How did we fix this problem? Agile development methodology became popular, virtualization and cloud entered the business arena and startups started playing first fiddle. The global market became more aggressive; if you couldn’t release a new feature first, you would probably lose most of your customers. It was go big or go home. 

Pandora’s Box 

From the point of view of modern software development methodologies and technologies, we can sum up the problems with the old model into five potential issues:

  1. There is no single responsible person who would manage the product from definition of business requirements to the product release.
  2. The Dev and Ops teams have different success metrics. It leads to an environment where each team is interested only in their own success.
  3. Lack of communication between the Dev and Ops teams. Developers need more knowledge about the target environment, while Operations have no clue what a Dev team does.
  4. There is a difference between development and target environment configurations.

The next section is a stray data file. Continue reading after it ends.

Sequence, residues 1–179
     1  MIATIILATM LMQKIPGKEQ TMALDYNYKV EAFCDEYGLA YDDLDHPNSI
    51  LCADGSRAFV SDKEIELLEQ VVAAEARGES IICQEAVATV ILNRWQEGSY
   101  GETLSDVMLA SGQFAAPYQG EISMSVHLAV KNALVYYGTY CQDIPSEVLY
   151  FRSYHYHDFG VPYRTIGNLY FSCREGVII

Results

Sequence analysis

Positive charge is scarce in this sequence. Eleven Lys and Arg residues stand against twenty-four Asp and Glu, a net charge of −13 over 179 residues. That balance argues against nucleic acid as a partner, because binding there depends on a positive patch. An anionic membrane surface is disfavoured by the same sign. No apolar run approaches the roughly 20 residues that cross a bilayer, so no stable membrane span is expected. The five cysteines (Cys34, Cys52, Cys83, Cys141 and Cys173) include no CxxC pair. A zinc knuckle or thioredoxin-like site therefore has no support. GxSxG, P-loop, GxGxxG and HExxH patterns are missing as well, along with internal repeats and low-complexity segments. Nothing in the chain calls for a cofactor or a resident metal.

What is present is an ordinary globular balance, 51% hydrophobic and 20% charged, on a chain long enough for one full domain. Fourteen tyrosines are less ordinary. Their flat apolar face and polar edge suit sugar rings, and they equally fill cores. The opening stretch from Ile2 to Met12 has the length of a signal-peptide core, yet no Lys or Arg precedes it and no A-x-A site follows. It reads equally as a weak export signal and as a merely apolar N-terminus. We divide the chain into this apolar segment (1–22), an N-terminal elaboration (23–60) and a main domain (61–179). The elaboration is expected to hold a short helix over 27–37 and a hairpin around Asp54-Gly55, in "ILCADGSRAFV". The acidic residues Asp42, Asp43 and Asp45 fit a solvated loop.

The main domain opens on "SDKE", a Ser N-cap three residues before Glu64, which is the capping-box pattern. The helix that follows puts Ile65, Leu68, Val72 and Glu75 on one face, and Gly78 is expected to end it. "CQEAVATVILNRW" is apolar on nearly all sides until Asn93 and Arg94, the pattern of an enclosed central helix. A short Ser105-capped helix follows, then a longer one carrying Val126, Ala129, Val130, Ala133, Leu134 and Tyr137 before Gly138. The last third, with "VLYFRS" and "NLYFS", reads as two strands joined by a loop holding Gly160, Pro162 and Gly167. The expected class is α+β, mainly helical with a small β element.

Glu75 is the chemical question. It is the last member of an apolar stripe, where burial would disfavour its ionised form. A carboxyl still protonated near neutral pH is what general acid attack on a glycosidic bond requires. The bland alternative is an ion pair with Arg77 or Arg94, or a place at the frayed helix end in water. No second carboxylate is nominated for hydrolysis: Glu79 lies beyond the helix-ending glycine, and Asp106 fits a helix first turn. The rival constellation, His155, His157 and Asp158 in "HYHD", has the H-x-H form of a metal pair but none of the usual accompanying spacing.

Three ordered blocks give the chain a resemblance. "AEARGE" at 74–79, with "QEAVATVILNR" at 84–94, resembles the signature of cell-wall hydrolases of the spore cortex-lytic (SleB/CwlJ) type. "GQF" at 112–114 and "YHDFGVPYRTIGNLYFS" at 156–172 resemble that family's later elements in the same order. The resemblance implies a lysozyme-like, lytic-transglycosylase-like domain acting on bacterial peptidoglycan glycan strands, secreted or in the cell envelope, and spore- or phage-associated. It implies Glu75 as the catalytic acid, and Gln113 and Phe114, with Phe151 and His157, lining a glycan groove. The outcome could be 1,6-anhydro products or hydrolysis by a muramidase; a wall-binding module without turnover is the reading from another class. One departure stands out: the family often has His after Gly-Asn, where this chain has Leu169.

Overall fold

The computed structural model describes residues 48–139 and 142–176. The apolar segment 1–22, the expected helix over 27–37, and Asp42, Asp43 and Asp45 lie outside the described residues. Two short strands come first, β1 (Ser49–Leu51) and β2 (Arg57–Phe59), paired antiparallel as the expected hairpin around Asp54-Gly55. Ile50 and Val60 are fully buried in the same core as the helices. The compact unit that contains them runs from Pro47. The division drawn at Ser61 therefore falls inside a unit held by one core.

5. Slow and long delivery processes with unpredictable delivery date. 

DevOps: happily ever after 

The solution to all of these issues is the DevOps philosophy—namely, software development methodology such as Scrum with a set of roles, steps and practices with predefined responsibilities. DevOps is a culture of developing a product that can be easily deployed as well as operate effectively

It is not enough to hire DevOps engineers and hope that all the problems will get solved. You need to adopt DevOps culture in your organization. 

Here are some recommendations on how to adopt DevOps in your organization and increase productivity of the development and operational teams:

  1. There should be one, and only one, manager responsible for a product or feature development from A to Z: from the stage of requirement gathering to the release date.
  2. The development and operational teams need to share common success indicators focused on the delivery result.